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Research Report

Carbon storage in mangrove and peatland ecosystems: A preliminary account from plots in Indonesia

Daniel Murdiyarso
Daniel Donato
J. Boone Kauffman
Sofyan Kurnianto
Melanie Stidham
Markku Kanninen
Copyright Date: Jan. 1, 2009
Pages: 40
OPEN ACCESS
https://www.jstor.org/stable/resrep02288
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Table of Contents

  1. (pp. 7-8)

    Tropical mangroves and peat swamp forests provide numerous ecosystem services, including nutrient cycling, sediment trapping, protection from cyclones and tsunamis, habitat for numerous organisms (many economically important) and wood for lumber and fuel (Ellison 2008). Among the most important of these functions—but poorly quantified—is ecosystem carbon (C) storage. The estimated carbon stored in these ecosystems is so large that it makes mangrove and peatland important for climate change mitigation. However, these econsystem are especially vulnerable to climate and land use change.

    The region comprising Southeast Asia and the western Pacific Islands (the Indo-Pacific) is the global epicentre of...

  2. (pp. 9-13)

    The studies were carried out in three contrasting mangrove ecosystems, representing marine or oceanic mangroves in North Sulawesi (Bunaken National Park), river delta mangroves in Central Kalimantan (Tanjung Puting National Park) and lagoon-associated mangroves in Central Java (Segara Anakan). In addition, a riverine peat swamp ecosystem in Tanjung Puting National Park was studied (see Figure 1).

    Bunaken National Park is located in the province of North Sulawesi, covering 79 056 ha of land and marine areas. The park consists of two sections: (1) the northern section, which encompasses five islands (Bunaken, Silaken, Manado Tua, Mantehage and Nain) and the coastal...

  3. (pp. 14-17)

    In each sampled forest ecosystem, a transect arranged perpendicular from the river or coast shoreline was established with no a priori knowledge of forest composition or structure. Six plots were established along the transect at 25-m intervals (see Figure 5). Measurements and collection of trees, saplings, woody debris, understorey/litter and soil were conducted as described below.

    The diameter at breast height (dbh = stem diameter at 137 cm above the ground) of each tree was measured, in 6 circular plots with a radius of 7 m in mangroves and 10 m in peat swamps. Trees include all living woody stems...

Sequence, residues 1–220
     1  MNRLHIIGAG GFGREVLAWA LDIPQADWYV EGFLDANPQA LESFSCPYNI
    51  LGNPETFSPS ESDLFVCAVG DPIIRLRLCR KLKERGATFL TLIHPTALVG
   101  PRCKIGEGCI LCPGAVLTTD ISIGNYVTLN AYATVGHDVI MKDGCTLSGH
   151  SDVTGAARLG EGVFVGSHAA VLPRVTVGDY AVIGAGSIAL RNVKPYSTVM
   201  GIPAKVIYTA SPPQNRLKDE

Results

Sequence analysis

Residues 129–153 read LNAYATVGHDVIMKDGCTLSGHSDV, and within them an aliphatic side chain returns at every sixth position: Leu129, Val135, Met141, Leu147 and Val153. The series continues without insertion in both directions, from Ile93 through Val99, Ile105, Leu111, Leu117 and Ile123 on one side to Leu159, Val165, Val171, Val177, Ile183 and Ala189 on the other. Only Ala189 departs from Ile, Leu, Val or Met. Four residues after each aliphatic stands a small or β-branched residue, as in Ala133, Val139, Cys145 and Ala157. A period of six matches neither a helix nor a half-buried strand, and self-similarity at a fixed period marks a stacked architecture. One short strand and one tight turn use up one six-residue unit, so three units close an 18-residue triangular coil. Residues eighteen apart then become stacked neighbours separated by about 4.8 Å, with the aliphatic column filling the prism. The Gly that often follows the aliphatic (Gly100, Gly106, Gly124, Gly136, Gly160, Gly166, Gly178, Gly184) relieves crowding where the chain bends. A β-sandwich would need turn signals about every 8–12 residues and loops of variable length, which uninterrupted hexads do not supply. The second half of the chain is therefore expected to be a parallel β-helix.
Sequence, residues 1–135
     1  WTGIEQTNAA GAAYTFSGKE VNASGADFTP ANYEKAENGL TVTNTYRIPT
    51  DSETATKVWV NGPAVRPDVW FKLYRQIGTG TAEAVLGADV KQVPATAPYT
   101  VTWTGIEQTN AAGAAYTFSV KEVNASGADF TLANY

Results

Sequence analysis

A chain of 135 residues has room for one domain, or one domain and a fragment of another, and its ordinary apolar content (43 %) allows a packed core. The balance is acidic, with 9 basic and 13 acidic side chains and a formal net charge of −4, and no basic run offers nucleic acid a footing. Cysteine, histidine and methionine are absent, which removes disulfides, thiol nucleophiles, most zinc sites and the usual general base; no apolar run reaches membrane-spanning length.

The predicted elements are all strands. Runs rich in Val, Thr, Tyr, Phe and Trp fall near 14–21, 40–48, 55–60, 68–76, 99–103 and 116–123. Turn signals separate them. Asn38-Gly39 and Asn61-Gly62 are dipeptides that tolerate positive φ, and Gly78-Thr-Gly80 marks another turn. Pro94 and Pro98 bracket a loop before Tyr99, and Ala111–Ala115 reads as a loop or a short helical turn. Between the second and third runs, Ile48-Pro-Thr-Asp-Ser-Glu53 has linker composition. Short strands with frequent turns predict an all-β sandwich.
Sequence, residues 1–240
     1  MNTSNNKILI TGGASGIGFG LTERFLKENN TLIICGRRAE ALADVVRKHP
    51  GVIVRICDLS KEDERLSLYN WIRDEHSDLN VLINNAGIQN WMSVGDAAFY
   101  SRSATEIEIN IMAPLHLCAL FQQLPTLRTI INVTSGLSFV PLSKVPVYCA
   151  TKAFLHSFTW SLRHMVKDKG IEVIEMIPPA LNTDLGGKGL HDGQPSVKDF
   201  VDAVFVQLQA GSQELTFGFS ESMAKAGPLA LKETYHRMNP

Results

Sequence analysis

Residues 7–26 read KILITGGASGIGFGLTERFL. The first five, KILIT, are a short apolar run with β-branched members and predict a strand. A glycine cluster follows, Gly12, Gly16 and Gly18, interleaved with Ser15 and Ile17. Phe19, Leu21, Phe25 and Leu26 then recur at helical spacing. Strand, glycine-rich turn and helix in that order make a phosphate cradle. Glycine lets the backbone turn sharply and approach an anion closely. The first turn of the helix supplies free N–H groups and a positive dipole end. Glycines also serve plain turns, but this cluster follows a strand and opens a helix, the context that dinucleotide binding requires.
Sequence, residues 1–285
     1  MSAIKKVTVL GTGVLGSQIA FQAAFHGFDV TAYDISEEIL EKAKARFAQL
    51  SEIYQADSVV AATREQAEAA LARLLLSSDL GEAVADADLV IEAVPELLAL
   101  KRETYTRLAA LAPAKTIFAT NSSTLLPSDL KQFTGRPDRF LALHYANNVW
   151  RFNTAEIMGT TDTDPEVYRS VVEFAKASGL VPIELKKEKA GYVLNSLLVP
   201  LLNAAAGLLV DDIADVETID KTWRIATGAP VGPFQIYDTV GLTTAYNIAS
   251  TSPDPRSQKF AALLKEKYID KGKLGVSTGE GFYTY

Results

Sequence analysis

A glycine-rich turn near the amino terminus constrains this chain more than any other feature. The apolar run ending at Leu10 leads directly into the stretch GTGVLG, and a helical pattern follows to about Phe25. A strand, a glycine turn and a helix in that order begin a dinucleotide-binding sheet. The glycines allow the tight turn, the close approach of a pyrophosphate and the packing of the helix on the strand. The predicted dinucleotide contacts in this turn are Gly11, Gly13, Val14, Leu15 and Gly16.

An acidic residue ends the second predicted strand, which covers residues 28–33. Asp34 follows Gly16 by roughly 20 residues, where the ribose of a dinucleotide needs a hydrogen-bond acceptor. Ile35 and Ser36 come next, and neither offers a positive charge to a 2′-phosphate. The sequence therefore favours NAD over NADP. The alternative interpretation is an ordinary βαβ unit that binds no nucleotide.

4. (pp. 18-23)

    Ecosystem C-stocks of sampled mangrove forests ranged from 437 Mg C ha–1 to 2186 Mg C ha−1 (Table 1). The overall mean ecosystem C-stock across the three study sites was 993.3 Mg C ha−1. This C storage is exceptionally high compared with upland tropical forests —which typically store between 150 and 500 Mg C ha−1 (e.g. Murdiyarso et al. 2002)— and is perhaps second only to the renowned C-stocks of peat swamp forests (e.g. Page et al. 2002).

    The river delta mangroves of Tanjung Puting National Park, Central Kalimantan, contained the largest mean C-stocks of all sampled sites at...

  5. (pp. 24-26)

    Across all 30 plots in Tanjung Puting National Park, we measured a total of 2390 trees, representing 55 species in 29 families. In term of species diversity, the Shannon–Wiener diversity index and Thompson’s diversity index were 3.29 and 0.94, respectively; as both these values are high compared with other swamp forest ecosystems, the diversity of the distribution of individuals across species can be described as relatively high in this area. The distribution of tree diameters revealed a typical reverse J-shaped pattern. Approximately 60% of trees have a dbh of less than 10 cm (Figure 12).

    Ganua motleyana (Sapotaceae family)...

  6. (pp. 27-29)

    Keeping mangroves and peat swamp forests intact has been a difficult challenge in Indonesia. Because developing and rehabilitating such ecosystems are not easy tasks, an incentive system to conserve these carbon-rich systems is urgently needed. There is a great need to raise awareness of the issue and at the same time to build partnerships among stakeholders.

    Mangroves provide a natural physical barrier against soil erosion, tsunamis and storm surges. The threat of sea-level rise is quite prominent for small islands and low-lying coastal zones (IPCC 2007). Therefore, conserving and restoring mangrove areas should be mainstreamed into coastal development agendas as...

  7. (pp. 30-30)

    Measurement campaigns of C-stocks in mangrove and peatland ecosystems provide a basis for further developing field assessments and monitoring. The data presented in this report show that mangroves hold C-pools that are among the largest in the tropics. We found no consistent or conclusive differences in terms of belowground C-stocks across sites and by distance from the ocean. However, the ocean does affect mangrove forest stature and hence aboveground C-stocks. Small-stature stands are more often found in oceanic (fringe) settings, while large-stature stands are found in physically protected, riverine or estuarine ecosystems.

    The limited samples from peatlands prevent us from...